The vast majority of late loaners are related to breakdowns in communication. Some hospitals believe if they could control the process for notifying the reps it will solve it. If they implement an automated notification process, they wouldn’t have any problems. But, this overlooks many of the challenges in getting to that reliable point.
Many hospitals already struggle with comprehensive and clean surgeon preferences. I’m not an expert in the space, but I have seen the quality of the data in an EHR where there the same procedure has 3 different names (TKA, Total Knee, Knee Arthroplasty). Which brings up some initial questions:
1. Which one of those procedures is used for which surgeon; when, and why? 2. How do you communicate minor variations of this procedure that might result in needing hardware/equipment from an additional vendor? 3. What are the steps for the surgeon to create or adjust these? 4. Do each get updated anytime there is a change in the preference?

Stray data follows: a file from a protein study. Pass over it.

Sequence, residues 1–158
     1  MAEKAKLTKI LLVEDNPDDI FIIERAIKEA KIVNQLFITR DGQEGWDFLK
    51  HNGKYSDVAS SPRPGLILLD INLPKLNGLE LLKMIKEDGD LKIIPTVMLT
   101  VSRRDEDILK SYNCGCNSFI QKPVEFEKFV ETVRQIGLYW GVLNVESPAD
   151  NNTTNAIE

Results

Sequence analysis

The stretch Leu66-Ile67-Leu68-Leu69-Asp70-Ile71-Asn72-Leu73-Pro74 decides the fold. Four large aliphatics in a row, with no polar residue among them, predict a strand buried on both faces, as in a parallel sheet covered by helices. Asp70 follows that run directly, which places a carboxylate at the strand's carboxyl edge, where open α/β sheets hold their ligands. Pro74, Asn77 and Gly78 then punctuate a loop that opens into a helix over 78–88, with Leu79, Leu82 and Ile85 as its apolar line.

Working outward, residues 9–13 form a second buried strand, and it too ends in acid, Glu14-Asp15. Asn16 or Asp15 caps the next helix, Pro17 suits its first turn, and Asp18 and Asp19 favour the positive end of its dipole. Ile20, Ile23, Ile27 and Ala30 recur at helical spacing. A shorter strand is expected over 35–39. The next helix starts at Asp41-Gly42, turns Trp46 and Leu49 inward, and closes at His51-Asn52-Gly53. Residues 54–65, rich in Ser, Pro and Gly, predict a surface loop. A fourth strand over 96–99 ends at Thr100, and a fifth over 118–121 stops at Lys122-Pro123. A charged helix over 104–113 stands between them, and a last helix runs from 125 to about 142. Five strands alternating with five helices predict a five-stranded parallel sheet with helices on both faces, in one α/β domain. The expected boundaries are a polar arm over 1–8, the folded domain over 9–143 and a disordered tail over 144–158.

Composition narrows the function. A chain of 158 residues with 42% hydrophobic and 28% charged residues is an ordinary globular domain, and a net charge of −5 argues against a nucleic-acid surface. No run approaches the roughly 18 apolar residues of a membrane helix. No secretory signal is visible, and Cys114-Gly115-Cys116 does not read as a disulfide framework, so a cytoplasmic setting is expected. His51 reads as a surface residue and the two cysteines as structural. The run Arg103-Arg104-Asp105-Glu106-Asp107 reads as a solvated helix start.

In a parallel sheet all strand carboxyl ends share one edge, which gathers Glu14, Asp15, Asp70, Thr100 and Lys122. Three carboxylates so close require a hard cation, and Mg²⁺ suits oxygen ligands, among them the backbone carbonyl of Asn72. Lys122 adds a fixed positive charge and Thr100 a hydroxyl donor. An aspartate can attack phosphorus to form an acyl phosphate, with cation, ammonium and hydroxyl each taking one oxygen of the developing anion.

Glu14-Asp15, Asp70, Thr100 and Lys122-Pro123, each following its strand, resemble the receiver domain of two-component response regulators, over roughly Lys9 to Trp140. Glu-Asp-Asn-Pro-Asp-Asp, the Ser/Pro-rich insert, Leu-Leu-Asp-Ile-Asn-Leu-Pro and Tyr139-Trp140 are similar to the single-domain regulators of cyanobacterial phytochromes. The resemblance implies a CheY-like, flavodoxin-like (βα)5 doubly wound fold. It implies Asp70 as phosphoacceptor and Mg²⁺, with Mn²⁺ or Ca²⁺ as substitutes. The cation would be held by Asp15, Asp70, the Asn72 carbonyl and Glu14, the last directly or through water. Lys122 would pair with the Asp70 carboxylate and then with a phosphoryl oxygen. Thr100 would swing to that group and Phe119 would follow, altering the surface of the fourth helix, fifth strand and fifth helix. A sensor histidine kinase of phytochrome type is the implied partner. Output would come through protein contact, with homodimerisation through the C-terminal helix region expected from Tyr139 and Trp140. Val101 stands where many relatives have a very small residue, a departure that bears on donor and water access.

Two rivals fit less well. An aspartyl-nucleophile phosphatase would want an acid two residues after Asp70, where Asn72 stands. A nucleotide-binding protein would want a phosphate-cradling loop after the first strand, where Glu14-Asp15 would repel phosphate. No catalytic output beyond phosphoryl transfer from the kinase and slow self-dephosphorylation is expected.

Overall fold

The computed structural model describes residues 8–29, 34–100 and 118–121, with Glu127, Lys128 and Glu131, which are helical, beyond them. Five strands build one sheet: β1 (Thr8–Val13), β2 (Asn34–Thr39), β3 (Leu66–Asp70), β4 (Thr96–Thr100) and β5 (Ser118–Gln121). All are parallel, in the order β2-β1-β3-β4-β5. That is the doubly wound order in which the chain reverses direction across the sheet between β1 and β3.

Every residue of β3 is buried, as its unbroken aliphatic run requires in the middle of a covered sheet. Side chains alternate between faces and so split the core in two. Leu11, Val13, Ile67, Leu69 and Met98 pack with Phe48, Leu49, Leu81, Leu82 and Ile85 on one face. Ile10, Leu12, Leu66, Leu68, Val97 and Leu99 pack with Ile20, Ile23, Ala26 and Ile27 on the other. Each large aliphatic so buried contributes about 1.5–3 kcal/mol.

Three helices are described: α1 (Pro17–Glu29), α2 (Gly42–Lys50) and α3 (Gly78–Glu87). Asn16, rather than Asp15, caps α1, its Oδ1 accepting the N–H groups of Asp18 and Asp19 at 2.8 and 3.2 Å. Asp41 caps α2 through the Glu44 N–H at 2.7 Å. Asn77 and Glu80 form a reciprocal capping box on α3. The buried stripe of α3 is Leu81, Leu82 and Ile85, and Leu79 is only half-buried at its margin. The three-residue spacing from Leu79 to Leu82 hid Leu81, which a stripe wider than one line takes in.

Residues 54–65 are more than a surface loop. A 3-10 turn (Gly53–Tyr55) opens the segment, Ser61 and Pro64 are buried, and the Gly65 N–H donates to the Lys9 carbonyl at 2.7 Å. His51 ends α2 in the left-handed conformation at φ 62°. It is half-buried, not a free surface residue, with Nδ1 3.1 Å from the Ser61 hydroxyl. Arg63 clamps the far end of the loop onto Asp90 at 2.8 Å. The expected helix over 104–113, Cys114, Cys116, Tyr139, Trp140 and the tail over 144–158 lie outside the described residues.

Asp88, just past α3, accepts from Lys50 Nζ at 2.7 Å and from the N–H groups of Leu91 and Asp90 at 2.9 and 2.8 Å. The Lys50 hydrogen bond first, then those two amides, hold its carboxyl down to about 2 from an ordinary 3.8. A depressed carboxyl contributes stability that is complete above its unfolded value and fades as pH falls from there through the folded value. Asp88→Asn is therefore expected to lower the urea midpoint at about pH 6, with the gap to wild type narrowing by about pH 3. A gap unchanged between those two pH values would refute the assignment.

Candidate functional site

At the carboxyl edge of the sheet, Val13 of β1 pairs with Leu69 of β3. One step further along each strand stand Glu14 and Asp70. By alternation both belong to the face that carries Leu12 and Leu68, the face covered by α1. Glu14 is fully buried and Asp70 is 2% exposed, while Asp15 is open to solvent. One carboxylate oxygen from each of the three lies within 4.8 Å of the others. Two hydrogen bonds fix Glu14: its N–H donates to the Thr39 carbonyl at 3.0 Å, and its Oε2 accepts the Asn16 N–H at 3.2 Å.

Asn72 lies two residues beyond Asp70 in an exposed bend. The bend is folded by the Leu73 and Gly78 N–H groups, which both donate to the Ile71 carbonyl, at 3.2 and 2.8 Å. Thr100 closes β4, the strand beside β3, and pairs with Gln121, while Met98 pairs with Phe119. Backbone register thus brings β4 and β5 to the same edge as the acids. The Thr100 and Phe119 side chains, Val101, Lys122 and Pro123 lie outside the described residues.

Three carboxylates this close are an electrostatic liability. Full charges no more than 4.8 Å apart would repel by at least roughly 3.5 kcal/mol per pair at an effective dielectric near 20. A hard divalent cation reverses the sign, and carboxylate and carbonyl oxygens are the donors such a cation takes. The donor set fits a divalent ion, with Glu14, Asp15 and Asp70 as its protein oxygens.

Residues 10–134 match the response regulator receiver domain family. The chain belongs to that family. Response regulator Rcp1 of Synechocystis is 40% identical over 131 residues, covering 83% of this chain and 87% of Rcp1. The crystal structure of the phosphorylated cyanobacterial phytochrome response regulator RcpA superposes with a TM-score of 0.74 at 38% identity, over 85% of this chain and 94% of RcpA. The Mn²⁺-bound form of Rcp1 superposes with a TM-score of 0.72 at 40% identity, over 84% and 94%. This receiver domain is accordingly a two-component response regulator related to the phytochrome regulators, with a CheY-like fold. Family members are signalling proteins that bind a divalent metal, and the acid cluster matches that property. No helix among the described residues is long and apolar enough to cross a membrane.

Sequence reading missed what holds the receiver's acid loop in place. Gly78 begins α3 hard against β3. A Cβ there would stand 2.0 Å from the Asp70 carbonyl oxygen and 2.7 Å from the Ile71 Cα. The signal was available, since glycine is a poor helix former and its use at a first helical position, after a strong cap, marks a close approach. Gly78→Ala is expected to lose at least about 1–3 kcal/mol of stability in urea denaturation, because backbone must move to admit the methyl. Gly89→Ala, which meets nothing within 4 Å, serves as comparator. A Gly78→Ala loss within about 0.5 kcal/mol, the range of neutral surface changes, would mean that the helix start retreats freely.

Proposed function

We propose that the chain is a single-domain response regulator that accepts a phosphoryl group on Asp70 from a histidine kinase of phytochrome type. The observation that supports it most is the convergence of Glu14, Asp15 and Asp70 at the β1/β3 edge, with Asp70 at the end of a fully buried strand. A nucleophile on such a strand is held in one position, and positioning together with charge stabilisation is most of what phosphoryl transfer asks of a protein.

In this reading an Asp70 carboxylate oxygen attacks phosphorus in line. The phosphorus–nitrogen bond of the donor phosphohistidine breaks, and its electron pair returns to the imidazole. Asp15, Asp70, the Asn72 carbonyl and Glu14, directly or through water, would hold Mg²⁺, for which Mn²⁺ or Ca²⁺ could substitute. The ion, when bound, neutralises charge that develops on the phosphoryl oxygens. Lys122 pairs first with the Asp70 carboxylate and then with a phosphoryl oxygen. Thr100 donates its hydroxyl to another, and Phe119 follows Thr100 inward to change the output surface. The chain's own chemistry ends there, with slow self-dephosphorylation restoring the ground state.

These challenges are why surgeons might rely on their rep to help coordinate specifics for equipment. A trusted rep knows the specialty items that might be require for the different indications. When they don’t have that item available (like removal of an old prosthesis) they might take the responsibility of contacting a different rep on behalf of the surgeon.
For the surgeon, that’s easier than trying to communicate this message back through hospital channels where it may take more time and energy to explain everything.
Before trying to take on an entire automation process, it can be incredibly valuable to just begin tracking the data around what surgeons are bringing in for which surgeons and procedures. From there, the data can be utilized to start with more informed automations.